Saturday, 2 June 2018
Patternmaking Made Easy by Connie Amaden Crawford; balancing patterns
I bought a new old book.
That's no surprise to those of you who know of my book addiction, of course.
What might surprise you is how inspired this book makes me feel, despite feeling pretty gruesome at present.
The book is Pattern Making Made Easy by Connie Amaden Crawford, the original edition from 2005. The book is now on the third edition but postage costs ($65) and import duties from the US were too high to consider that option, even though the book itself was no more expensive. In fact, I ordered the second edition as advertised and this one has arrived incorrectly but the company I bought it from disputes that. (Don't tell them but I think I will keep this one anyway - maybe one day I'll get to the States and buy the 3rd edition.)
I've wanted the book for a while but it has taken ages to find one at a reasonable price. It is in spiral format with a hard cover. Mine is second hand but in excellent condition and the postage was good, with no duties. I don't know what the newer editions have that this one doesn't.
What do I like about it?
First of all, it does appear to make pattern making easy. Reading, I feel 'yes, I can do this'
Secondly it uses my measurements and not much in the way of ‘standard’ measurements.
Thirdly, there is a section for pant pattern making for the full mature woman. Yes, that's me these days, though I'm on the lower end of her size charts
Fourthly she takes into account that we don't all have perfect bodies and isn't judgemental. I feel that some of the systems I've tried try to shoehorn into a perfect shape and at the same time make me feel bad about my body.
Fifthly, she goes through all the different blocks and what each block might be used for. She will show the modifying that can be made e.g. in bodice style and say what block you must start with. I hadn't realised there were so many different blocks! I can now understand why some of my enthusiastic pattern manipulations were less successful than I'd hoped! I needed to start with the right block and I didn't.
Although I went to pattern cutting classes, I realise now that they really just skimmed the surface. I don't have that solid foundation of knowledge which is so essential to good results. Results for me and my family - you know of course that is the limit of my ambitions.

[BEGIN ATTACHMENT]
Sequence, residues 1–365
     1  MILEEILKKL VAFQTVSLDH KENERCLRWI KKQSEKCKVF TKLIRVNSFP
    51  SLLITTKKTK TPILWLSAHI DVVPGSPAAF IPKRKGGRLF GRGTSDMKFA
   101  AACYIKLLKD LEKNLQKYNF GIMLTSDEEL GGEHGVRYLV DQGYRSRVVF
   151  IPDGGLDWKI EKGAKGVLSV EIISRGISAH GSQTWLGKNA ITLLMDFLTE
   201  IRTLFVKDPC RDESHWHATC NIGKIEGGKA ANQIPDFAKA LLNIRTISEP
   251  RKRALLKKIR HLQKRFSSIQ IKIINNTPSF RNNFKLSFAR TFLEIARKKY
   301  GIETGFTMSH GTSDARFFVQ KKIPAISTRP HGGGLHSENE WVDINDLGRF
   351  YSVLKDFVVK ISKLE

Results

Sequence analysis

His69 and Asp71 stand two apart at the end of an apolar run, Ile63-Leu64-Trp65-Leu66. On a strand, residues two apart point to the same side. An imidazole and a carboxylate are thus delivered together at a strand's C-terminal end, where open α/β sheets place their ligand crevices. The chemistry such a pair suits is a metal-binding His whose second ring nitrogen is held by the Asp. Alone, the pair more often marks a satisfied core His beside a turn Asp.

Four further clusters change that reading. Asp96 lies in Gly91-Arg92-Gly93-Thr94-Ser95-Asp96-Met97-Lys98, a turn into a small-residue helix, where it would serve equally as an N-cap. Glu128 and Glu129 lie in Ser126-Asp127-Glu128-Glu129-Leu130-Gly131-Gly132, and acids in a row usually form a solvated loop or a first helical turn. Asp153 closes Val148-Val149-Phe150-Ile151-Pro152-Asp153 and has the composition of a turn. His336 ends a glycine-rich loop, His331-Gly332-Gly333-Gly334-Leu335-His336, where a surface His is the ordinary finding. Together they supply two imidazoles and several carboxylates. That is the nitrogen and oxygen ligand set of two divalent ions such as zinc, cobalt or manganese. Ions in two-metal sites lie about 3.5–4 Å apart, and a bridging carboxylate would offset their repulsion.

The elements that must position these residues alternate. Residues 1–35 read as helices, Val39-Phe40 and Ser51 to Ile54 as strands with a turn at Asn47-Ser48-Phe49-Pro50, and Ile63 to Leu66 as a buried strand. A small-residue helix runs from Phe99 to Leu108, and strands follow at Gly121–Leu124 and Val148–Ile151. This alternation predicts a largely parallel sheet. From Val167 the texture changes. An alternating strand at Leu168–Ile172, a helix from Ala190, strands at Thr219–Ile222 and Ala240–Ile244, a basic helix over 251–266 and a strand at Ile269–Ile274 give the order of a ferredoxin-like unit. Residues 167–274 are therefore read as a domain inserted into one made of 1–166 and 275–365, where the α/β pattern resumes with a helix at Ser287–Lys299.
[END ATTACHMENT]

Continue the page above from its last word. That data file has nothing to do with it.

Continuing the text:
One thing she said was that you cannot balance a bodice pattern if there are bust darts from the side seam. Balancing is done without any such darts but they can be moved later using dart manipulation. This was another 'ah ha!’ moment for me as I have lots of problems with such darts on side seams - twisted, not meeting nicely even though they were trued.
I read the pant section in greater detail as I intend to try this.
I really like her sections on balancing the pattern (indeed it was a question I asked on PR on balancing which led me towards this book - thanks to Kayl's recommendation.) As a result of reading this section, I am convinced that my patterns have not been balanced, though they may have been trued, and this has led to some of my problems. When I asked about balancing patterns in class, I was directed towards truing - not the same thing at all, though clearly there is overlap.
When I true the seam of my trousers, there is a fair bit of manipulation, shifting around; in these pants, they are matched at knee and ankle, lie beautifully, and any length change is made above that to ensure the seams lie on top of each other. That is balanced; if the pattern is not balanced, the fabric will twist.
I feel so inspired that I want to start straight away! I hope results will be as good as I'm hoping! I intend to draft the full mature woman's pant and then convert into a sport culotte for the summer. I have some suitable fabric.
I'm not going to get much time for sewing over the rest of June, though, so my test of the book method won't be around for a while yet. Never mind. I feel in my bones that this book will be one of my top recommendations.
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